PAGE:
While Booker plays the role of protagonist in Episode 1 and Elizabeth plays the role of companion character (a mechanical retreat of Bioshock Infinite), the relationship between the two is quite different from the main game. Burial at Sea: Episode 1 takes place on December 31, 1958. On eve of the Rapture Civil War between Andrew Ryan and Frank Fontaine/Atlas, a mysterious woman enters Booker Dewitt’s Detective Agency, where Rapture’s version of Booker is residing. Elizabeth seeks Booker’s help in tracking down an orphaned girl known as “Sally”. Booker, who has a connection to Sally, believes the girl is dead but Elizabeth replies that “lost isn’t dead”. Booker agrees to assist Elizabeth in her search for Sally, becoming her partner in the search.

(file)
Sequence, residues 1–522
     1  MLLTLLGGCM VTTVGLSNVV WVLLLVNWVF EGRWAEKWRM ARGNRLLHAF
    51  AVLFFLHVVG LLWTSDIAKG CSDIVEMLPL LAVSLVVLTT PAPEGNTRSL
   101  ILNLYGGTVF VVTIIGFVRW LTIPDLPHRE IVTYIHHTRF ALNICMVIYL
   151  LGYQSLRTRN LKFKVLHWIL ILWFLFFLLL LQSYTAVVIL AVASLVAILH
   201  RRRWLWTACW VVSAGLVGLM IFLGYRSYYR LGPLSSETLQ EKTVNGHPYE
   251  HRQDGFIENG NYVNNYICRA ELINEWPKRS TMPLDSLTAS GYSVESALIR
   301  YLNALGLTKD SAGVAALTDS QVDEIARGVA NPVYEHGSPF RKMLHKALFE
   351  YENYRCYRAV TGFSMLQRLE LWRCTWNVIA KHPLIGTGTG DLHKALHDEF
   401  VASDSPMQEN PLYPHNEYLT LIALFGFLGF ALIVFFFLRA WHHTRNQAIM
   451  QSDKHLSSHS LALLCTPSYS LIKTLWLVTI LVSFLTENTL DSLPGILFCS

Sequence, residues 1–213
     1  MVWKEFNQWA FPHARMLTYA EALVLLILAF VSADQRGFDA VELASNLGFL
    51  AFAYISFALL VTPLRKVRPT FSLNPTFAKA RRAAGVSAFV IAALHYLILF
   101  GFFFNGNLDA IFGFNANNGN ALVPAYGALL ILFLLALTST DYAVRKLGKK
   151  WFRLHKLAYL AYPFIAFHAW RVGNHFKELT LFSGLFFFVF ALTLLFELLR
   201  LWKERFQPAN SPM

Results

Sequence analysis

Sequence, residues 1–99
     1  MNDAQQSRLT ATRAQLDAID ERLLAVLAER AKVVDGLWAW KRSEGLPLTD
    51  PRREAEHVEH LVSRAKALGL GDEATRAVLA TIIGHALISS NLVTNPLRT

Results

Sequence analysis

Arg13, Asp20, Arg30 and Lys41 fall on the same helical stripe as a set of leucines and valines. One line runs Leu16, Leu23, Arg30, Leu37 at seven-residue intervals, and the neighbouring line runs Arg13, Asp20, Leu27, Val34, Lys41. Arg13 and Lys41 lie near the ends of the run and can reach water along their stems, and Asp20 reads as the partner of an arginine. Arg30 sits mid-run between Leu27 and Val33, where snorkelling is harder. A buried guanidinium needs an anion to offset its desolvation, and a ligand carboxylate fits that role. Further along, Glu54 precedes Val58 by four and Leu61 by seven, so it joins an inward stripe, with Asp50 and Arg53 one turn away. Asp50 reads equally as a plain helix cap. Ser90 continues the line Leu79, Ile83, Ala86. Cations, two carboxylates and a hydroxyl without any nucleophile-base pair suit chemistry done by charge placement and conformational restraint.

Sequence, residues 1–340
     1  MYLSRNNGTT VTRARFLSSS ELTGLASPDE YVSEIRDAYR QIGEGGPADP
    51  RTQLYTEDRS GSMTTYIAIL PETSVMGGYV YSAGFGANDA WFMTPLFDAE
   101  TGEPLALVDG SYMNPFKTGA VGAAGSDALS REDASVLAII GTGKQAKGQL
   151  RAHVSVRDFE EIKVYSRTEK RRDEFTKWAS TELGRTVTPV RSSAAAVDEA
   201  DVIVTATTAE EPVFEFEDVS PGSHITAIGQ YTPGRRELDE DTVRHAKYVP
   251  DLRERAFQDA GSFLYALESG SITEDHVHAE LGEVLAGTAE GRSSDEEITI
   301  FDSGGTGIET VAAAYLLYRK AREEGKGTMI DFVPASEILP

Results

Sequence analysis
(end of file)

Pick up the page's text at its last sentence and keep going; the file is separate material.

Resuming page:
From her dramatic, film noire inspired introduction in Burial At Sea: Episode 1, it is clear that Elizabeth has changed since the player last saw her in Bioshock Infinite. The freely joyful Elizabeth seen early in Bioshock Infinite is gone. By the time of Burial At Sea, Elizabeth has grown into a more skeptical and reserved young woman. Her outfit has changed to fit the setting of Rapture, with an outfit that was inspired by the female characters in classic film noire. While Elizabeth assist Booker in the quest to find Sally throughout Episode 1, she remains cryptic about her intentions and motivations. When pressed about her arrived in Rapture, Elizabeth cryptically asserts that she came to Rapture for a “man” and she is here to “collect a debt”. Unlike in Bioshock Infinite where Elizabeth freely reveals information about herself to Booker, Elizabeth now works to conceal her backstory and her motivations from her companion in Rapture.